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I have recently seen a probability question which says
"i am asking randomly the persons I met if they are having two chidren and one of them is a boy who was born on tuesday. At last I met one whose answer is yes. What is the probability that the other child is also a boy. Assume equal probability to either gender and equal probability to be born on each day of the week"

I could actually solve it to 2/21. Did I do it right or can some one help me solve it?


marked as duplicate by Alex Becker, Cheerful Parsnip, azimut, Cameron Buie, Zev Chonoles May 21 '13 at 7:53

This question has been asked before and already has an answer. If those answers do not fully address your question, please ask a new question.


This is going to get a bit long for a comment.

Suppose you are asking three questions in sequence:

1 Do you have exactly two children?

If the answer is yes, you include the person on your sample, and ask

2 Do you have a child who is a boy born on a Tuesday?

If the answer is yes, the person continues in the sample - call this $BT$ and you ask

3 Are both of your children boys?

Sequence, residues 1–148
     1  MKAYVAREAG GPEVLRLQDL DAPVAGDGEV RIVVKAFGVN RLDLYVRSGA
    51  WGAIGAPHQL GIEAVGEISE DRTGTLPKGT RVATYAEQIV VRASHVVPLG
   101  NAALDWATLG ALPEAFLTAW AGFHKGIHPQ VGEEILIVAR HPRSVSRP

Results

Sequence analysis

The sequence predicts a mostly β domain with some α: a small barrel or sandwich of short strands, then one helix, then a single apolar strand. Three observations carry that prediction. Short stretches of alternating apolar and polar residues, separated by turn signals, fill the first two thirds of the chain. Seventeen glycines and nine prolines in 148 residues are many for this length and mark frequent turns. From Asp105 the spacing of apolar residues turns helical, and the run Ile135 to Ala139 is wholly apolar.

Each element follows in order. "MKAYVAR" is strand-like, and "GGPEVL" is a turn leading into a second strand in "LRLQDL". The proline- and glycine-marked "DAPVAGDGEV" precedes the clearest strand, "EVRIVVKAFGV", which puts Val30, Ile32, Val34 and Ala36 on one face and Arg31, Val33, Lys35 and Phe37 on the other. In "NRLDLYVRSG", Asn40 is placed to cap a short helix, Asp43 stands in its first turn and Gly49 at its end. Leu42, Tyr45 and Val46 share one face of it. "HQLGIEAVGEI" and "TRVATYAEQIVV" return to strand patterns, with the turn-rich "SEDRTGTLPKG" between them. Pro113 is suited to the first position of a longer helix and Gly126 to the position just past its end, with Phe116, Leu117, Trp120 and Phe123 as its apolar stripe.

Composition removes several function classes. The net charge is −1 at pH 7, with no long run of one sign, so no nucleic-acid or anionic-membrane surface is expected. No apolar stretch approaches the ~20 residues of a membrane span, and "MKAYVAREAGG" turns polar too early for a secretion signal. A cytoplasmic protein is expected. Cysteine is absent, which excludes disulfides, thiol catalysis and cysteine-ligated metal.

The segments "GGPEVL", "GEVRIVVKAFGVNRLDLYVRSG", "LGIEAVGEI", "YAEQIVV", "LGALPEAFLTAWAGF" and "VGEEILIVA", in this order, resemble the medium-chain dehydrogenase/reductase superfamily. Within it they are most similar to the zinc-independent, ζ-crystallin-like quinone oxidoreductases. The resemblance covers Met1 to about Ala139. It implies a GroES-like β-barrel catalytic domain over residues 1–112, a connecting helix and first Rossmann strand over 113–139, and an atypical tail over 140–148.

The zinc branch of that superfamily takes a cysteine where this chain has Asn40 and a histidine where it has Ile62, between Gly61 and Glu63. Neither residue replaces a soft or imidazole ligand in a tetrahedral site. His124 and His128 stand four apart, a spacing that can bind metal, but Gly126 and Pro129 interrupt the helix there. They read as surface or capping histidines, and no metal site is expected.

Say the yes answers to this are $BB$, you are looking for $\frac {BB}{BT}$

Note that (given reasonable assumptions) one fourteenth of all children are tuesday-born boys. However, at stage 2, there will be $0$ or $1$ or $2$ Tuesday-born boys in the family. Case $0$ is discarded, and the other two are not equally likely.

Taking the day and the sex into account, there are 14 possibilities for each child - 196 altogether. In one of these, both are Tuesday-boys. There are 26 more possibilities containing a Tuesday-boy, making 27 in all (the $2$ case takes two of the expected 28) - twelve of which have two boys (two of the fourteen having been taken into account already), and fourteen (as expected) with a boy and a girl.

Counting, one sees the proportion with two boys is $\frac {13}{27}$.

I noted this, because it was not explained in the answers to the closely related question Zev Chonoles linked.


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